I'm trying to create a website that can be downloaded and run locally by launching its index file.

All the files are local, no resources are used online.

When I try to use the AJAXSLT plugin for jQuery to process an XML file with an XSL template (in sub directories), I receive the following errors:

XMLHttpRequest cannot load file:///C:/path/to/XSL%20Website/data/home.xml. Origin null is not allowed by Access-Control-Allow-Origin.

XMLHttpRequest cannot load file:///C:/path/to/XSL%20Website/assets/xsl/main.xsl. Origin null is not allowed by Access-Control-Allow-Origin.

The index file making the request is file:///C:/path/to/XSL%20Website/index.html while the JavaScript files used are stored in file:///C:/path/to/XSL%20Website/assets/js/.

How can I do to fix this issue?

10 Answers 10


For instances where running a local webserver is not an option, you can allow Chrome access to file:// files via a browser switch. After some digging, I found this discussion, which mentions a browser switch in opening post. Run your Chrome instance with:

chrome.exe --allow-file-access-from-files

This may be acceptable for development environments, but little else. You certainly don't want this on all the time. This still appears to be an open issue (as of Jan 2011).

See also: Problems with jQuery getJSON using local files in Chrome

  • 1
    @Rich, glad it helped! I wonder if there will be greater demand for this with Google's push toward browser-based apps. I think demand will only grow. Commented Jan 31, 2011 at 23:54
  • 4
    this was helpful for macs OS X cweagans.net/blog/2011/1/24/…
    – kinet
    Commented Feb 12, 2011 at 6:43
  • 1
    Thanks, I was wondering where I coded wrong, seems browser is the issue.
    – Arda
    Commented Jun 3, 2011 at 10:54
  • 4
    Is there any reason --allow-file-access-from-files would not fix the issue. I am simply trying to load a script file like so $.getScript("application.js"); and get the error described in the question.
    – Denzo
    Commented Jul 25, 2012 at 4:17
  • 1
    This works, however "Before you execute the command, make sure all of your Chrome window is closed and not otherwise running. Or, the command line param would not be effective. "chrome.exe --allow-file-access-from-files"" (stackoverflow.com/a/4208455/1272428)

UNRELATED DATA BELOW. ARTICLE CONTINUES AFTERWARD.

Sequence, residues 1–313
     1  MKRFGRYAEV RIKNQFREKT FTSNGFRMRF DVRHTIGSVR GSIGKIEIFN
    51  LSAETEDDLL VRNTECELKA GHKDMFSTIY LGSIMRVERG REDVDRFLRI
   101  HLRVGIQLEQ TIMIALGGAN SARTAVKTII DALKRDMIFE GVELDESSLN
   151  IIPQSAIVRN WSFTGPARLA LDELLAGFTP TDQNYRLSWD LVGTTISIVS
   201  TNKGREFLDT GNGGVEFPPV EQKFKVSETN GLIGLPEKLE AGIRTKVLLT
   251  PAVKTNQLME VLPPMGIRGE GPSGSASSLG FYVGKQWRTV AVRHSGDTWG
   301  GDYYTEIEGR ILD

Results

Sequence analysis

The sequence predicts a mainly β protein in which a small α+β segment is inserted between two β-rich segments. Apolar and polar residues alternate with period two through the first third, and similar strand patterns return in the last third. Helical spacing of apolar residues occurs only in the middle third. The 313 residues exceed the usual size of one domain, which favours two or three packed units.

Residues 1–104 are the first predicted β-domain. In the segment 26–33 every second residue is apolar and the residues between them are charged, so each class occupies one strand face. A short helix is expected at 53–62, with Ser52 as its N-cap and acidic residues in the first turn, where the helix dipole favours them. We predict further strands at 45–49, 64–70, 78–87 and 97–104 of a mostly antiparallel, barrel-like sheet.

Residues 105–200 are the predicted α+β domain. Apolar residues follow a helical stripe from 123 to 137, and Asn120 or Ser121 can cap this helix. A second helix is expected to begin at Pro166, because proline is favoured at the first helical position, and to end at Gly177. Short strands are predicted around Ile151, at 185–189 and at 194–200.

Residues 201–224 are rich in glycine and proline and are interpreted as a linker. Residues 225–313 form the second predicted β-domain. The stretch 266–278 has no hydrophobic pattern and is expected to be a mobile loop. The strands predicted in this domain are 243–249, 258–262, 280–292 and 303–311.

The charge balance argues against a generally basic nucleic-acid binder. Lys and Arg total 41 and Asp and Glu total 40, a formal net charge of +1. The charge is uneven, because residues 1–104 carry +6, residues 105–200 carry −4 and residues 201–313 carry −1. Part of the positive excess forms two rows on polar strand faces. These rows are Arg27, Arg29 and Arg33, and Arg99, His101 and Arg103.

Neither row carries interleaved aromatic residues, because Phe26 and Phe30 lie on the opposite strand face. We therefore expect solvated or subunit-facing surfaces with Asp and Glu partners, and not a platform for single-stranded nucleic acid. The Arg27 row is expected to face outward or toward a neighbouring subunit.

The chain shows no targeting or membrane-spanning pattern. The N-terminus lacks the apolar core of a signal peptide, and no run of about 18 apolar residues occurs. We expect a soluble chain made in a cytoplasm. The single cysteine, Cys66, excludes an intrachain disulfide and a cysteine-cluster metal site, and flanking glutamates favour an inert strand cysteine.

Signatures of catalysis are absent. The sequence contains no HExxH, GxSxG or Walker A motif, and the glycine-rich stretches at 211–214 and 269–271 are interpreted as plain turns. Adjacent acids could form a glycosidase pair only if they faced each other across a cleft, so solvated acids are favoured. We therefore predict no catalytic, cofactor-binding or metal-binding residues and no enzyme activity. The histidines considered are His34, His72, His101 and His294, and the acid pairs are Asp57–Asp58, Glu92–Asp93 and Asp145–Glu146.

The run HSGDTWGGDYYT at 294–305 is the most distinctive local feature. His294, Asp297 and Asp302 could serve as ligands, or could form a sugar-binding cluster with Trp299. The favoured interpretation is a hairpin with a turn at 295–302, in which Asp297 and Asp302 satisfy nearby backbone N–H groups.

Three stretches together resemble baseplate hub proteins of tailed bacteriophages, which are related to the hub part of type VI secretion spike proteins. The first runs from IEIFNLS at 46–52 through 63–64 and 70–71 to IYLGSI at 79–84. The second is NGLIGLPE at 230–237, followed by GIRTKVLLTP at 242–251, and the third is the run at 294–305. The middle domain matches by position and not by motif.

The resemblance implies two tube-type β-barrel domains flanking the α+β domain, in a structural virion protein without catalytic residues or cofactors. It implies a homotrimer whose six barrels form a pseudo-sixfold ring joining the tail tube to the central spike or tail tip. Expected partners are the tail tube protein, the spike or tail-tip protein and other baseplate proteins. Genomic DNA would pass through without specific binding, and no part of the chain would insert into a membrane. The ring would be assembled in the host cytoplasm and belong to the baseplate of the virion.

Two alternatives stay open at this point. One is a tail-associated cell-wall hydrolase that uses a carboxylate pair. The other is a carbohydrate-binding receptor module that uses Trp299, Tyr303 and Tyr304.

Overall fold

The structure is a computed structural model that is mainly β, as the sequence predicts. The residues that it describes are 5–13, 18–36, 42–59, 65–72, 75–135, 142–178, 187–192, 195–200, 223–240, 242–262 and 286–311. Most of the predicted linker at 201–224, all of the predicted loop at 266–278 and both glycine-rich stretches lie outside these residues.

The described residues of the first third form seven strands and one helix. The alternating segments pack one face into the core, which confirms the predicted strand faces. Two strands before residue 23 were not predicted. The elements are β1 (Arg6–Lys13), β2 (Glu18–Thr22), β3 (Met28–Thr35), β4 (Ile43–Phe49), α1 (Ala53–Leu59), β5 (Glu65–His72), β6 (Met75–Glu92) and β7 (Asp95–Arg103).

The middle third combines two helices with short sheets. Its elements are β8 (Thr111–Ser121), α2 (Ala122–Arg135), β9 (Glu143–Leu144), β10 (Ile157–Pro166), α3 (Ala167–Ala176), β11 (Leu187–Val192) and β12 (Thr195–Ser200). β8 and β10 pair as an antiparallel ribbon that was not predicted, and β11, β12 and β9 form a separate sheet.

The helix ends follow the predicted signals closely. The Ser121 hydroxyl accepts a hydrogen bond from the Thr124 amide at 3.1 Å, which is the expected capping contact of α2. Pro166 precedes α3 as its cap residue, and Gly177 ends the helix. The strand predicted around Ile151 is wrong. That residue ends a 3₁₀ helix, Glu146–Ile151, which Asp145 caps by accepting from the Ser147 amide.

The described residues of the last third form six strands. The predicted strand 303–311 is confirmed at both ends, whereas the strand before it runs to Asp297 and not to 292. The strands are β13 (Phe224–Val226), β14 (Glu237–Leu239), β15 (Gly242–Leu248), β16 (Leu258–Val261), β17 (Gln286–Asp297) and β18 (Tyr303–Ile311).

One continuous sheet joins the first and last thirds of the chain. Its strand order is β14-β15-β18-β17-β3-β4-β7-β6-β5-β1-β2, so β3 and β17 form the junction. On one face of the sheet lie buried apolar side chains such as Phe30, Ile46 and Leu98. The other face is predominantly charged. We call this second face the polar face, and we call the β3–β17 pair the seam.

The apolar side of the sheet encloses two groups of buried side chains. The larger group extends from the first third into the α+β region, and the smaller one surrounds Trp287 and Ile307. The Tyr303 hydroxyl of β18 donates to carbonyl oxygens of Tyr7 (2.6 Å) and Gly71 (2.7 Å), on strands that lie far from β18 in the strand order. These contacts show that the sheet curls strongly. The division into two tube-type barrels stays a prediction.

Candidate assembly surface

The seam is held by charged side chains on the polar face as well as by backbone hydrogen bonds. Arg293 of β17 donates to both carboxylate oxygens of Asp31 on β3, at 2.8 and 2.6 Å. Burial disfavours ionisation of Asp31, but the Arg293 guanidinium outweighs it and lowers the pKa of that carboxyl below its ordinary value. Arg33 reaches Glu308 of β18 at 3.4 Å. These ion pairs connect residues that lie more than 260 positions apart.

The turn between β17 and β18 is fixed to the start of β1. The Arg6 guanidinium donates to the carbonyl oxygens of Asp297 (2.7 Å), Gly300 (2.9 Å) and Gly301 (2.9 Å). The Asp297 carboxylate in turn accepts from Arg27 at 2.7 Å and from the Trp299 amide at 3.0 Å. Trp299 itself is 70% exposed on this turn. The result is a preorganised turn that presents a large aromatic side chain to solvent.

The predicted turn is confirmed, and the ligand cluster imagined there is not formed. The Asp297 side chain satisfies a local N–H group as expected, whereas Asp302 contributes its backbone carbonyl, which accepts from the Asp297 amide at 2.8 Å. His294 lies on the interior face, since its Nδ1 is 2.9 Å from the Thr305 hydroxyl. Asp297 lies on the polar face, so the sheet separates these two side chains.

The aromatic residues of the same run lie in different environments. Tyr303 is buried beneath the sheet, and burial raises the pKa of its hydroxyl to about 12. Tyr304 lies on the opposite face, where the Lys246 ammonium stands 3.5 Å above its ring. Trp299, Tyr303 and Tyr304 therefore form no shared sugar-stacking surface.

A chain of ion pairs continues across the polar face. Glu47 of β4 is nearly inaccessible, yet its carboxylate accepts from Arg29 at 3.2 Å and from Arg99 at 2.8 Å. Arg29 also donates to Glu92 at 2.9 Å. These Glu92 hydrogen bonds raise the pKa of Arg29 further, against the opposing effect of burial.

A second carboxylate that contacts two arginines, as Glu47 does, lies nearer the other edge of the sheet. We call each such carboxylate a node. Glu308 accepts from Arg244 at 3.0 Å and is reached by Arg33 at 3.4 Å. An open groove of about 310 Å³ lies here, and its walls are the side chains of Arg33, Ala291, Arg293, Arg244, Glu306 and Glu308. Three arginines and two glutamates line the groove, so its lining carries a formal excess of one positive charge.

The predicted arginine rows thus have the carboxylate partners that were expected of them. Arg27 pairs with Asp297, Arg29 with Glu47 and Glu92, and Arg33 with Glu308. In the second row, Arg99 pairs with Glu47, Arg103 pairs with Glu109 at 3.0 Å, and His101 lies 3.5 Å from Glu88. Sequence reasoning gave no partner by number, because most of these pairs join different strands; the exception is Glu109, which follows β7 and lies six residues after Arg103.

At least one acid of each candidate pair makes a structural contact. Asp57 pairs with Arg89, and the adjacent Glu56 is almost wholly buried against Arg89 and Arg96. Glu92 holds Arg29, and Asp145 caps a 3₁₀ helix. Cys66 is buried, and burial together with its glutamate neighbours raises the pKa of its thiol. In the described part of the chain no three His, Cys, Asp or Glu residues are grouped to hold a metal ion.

– rluks
    Commented Nov 19, 2015 at 12:57

Essentially the only way to deal with this is to have a webserver running on localhost and to serve them from there.

It is insecure for a browser to allow an ajax request to access any file on your computer, therefore most browsers seem to treat "file://" requests as having no origin for the purpose of "Same Origin Policy"

Starting a webserver can be as trivial as cding into the directory the files are in and running:

python -m http.server

[Edit Thanks @alextercete, for pointing out that it has updated in Python3]

  • 1
    I'm hoping to develop a solution that does not require the user to use anything more than their web browser. Using Python, any interpreter, or any non system agnostic software is not viable. Commented Nov 28, 2010 at 5:40
  • 5
    Well the only other solution I can think of is to load the entire thing in one single page so that you don't need to make any ajax requests to the file system. Commented Nov 30, 2010 at 13:34
  • 2
    Thank you @Singletoned ! I'm using your solution and it's very handy ! Commented Dec 1, 2010 at 17:07
  • 4
    And if you are using Python 3, the command would be python -m http.server. Commented Sep 29, 2012 at 20:53

This solution will allow you to load a local script using jQuery.getScript(). This is a global setting but you can also set the crossDomain option on a per-request basis.